We do not disagree with the cases cited by the dissent, but instead conclude that they are distinguishable from the case at bar. In Brown v. Montgomery Ward & Company, the plaintiff sought to amend his complaint two weeks before trial to raise different issues of liability as grounds for relief. 252 So.2d 817 (Fla. 1st DCA 1971). This court held that it was not an abuse of discretion to deny plaintiff's motion to amend because it clearly appeared that the amended pleading “would materially change and introduce into the case new issues.” Id. at 819. In Levine v. United Companies Life Insurance Company, the supreme court approved the district court's holding that the trial court did not abuse its discretion by denying defendant's motion to amend two weeks before trial; however, the court wrote mainly to disapprove the portion of the district court's opinion that held a usury savings clause precluded a finding of usury. 659 So.2d 265, 266–67 (Fla.1995). Consequently, there was little discussion of the procedural facts and no discussion of the trial court's reasoning for denying the motion to amend, making it difficult to compare Levine to the instant case.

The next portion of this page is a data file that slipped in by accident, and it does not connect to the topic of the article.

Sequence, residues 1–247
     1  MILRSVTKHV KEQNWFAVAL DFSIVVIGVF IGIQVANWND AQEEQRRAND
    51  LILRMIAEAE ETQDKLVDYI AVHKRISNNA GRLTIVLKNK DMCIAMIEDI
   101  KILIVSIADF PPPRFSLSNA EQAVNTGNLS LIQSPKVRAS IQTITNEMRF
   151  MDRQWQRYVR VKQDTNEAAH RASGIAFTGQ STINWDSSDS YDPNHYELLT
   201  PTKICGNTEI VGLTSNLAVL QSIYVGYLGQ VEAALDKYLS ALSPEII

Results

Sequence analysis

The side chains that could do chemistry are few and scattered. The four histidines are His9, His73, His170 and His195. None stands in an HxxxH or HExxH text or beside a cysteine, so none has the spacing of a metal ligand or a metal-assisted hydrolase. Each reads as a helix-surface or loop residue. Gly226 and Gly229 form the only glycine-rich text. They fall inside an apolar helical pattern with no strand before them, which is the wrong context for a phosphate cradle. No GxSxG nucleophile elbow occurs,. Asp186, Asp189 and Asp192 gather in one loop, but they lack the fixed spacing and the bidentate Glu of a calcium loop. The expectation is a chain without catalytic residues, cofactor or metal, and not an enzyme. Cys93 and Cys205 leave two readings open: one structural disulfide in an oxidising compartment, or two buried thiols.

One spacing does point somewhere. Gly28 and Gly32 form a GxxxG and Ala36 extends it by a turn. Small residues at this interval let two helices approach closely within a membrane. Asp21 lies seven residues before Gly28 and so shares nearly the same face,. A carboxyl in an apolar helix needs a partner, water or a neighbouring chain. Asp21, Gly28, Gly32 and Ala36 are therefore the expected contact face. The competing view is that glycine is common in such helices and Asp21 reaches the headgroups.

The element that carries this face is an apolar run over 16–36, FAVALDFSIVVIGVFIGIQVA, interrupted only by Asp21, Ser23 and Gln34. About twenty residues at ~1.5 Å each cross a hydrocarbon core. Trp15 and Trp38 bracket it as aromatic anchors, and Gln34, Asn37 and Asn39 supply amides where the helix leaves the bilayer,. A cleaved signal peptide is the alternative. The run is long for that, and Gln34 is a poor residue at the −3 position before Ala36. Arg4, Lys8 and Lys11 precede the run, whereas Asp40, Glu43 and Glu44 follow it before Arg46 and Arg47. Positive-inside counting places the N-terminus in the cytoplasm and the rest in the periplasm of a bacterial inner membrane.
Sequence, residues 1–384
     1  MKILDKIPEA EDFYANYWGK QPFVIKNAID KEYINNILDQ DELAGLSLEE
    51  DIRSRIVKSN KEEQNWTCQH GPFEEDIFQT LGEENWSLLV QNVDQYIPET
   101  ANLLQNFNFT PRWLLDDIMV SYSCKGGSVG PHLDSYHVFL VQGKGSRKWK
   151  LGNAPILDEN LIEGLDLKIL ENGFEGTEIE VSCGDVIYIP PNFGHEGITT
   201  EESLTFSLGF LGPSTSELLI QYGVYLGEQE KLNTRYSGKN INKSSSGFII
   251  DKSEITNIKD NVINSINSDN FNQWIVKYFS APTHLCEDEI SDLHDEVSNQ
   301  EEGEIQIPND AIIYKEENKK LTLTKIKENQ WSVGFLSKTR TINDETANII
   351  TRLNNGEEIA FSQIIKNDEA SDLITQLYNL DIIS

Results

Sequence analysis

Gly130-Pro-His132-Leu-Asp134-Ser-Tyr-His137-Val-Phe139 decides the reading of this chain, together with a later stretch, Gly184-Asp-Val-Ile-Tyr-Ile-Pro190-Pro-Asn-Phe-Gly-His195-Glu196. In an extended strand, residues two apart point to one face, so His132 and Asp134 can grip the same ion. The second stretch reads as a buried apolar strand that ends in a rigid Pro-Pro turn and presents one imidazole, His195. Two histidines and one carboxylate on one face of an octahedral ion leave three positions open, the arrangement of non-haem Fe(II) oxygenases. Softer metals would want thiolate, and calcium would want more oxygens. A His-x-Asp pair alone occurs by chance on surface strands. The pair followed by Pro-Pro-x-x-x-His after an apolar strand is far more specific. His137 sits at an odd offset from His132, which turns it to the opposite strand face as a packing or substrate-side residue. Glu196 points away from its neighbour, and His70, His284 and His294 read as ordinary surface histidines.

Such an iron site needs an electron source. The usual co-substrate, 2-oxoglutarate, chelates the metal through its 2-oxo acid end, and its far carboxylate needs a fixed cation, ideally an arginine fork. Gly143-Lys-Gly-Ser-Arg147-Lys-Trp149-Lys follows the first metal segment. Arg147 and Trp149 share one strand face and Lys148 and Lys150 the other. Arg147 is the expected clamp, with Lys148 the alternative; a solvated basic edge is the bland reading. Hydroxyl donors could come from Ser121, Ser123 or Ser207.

We note that this foreclosure action has lasted more than six years; however, we find it significant that most of the delay in this case is attributable to the Bank, not Appellant. Furthermore, we must also recognize that the purpose of rule 1.190 is “to achieve justice and allow the parties to fully present their respective positions.” Walker v. Senn, 340 So.2d 975, 976 (Fla. 1st DCA 1976). Here, where Appellant's first attorney never filed an answer on her behalf and Appellant's pro se answers did not raise any affirmative defenses, we hold that under the circumstances of this case, it was an abuse of discretion to deny Appellant's motion to amend filed by counsel. Therefore, the final judgment of the trial court is vacated, and the case is remanded with instructions that Appellant be permitted to file an amended answer.